I do occasionally make the rare exception … heavy emphasis on the words “occasionally” and “rare.”

You most likely would not be an exception.

“You must feel pretty proud of yourself being the smartest guy in Mississippi, a state known for it's (it is) people of high intelligence among other things.”

John … I see that you used the word “it’s” incorrectly during your attempt to broadly state that people from Mississippi are dumb.  You used a contraction where you obviously should have used a possessive pronoun.  Now, contrary to what you claim I’m not really the smartest guy in Mississippi …

Far from it.

However, I am pretty smart (or so my IQ score of 138 indicates) and smart people like me refer to what you just did as “irony” and this “irony” makes smart people like me smile, sometimes it even makes smart people like me laugh … out loud … at people like you.

Apparently your rather limited knowledge of my great state is taken from what you’ve been told or from what you have learned from the media rather than from the standpoint of you having actually done any fact checking or research into the matter on your own.  That shows a severely lazy approach to both learning and personal education in general and it gives me even more insight into exactly who (and what) I am dealing with.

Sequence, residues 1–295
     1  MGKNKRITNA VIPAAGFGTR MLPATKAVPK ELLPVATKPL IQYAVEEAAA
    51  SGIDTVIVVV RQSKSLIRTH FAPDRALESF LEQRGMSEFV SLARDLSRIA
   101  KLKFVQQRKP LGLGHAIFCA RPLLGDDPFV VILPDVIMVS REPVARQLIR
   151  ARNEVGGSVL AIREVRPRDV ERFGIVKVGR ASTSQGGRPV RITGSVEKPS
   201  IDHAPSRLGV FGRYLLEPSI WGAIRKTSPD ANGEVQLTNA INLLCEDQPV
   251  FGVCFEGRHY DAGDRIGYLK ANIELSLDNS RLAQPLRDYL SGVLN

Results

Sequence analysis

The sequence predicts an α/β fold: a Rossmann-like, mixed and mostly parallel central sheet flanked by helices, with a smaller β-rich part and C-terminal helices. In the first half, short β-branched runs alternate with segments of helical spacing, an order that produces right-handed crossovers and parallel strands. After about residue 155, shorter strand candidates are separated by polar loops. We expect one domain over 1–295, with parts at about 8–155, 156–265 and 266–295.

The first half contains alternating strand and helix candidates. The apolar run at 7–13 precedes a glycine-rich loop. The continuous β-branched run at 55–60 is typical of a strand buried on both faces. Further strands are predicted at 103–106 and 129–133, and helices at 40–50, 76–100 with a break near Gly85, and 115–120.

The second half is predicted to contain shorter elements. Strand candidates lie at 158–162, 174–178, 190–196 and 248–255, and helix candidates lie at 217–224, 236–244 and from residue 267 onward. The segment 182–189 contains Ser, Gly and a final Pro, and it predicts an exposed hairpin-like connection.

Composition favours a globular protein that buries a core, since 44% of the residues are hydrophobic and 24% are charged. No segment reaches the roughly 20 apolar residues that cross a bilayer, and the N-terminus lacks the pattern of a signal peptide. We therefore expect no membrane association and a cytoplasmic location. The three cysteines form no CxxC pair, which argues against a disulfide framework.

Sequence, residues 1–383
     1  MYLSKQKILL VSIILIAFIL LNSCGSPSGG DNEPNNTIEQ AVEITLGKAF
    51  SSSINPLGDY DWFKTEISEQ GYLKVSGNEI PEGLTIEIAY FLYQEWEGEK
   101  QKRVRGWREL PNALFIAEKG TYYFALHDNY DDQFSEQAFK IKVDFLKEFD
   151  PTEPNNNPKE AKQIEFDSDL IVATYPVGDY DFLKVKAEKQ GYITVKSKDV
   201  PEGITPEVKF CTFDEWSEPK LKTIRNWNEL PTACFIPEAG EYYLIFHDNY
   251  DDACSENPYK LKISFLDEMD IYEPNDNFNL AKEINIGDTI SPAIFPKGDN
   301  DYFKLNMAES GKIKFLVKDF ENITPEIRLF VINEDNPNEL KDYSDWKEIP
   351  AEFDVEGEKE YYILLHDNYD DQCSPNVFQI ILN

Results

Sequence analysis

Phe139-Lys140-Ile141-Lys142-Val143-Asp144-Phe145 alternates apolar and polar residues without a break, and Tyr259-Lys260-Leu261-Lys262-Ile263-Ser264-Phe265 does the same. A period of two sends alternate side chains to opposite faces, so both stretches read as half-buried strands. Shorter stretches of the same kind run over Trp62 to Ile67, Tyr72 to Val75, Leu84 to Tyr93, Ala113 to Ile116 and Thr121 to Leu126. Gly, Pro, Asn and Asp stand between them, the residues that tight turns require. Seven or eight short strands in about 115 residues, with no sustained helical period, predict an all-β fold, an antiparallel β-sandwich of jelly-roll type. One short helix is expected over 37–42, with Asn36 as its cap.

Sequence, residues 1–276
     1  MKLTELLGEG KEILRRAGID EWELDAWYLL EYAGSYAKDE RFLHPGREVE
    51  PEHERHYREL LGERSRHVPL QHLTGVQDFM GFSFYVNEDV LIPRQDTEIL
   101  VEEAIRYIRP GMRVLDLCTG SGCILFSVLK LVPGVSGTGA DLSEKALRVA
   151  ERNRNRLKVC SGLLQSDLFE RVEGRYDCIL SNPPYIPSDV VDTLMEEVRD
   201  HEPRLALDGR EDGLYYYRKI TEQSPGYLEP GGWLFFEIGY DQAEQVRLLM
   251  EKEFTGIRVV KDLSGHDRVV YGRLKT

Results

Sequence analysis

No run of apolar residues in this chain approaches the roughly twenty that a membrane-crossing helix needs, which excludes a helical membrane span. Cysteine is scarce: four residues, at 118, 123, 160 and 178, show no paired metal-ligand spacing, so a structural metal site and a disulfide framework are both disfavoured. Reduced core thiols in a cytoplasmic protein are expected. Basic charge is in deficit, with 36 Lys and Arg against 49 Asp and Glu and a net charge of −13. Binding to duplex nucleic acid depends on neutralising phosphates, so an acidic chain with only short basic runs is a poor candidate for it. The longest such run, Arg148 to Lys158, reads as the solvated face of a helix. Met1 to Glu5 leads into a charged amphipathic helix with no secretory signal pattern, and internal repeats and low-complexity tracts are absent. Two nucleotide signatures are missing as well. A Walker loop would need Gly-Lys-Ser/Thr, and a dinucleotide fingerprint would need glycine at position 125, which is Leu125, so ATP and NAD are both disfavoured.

I won’t go into Mississippi’s many, great contributions to the arts, science, medicine, music, literature and culture of this once great country, all the great people who have lived in Mississippi, all the great things that Mississippians have done for America and the world, etc.  This is an email, not a history lesson and you should have learned that information in elementary school.

“Your extra long American Angst writing is like listening to a C.D. with a bad skip in it. The same few points over, over, over, over..sorry pal, not buying it.”

My posts are extra long because they are intended to both entertain and enlighten and to that extent they seem to be quite popular (if I can trust the many emails that I receive).  My posts are not intended for people of low IQ (which is why you may be having such a problem with my work) or people who have short attention spans.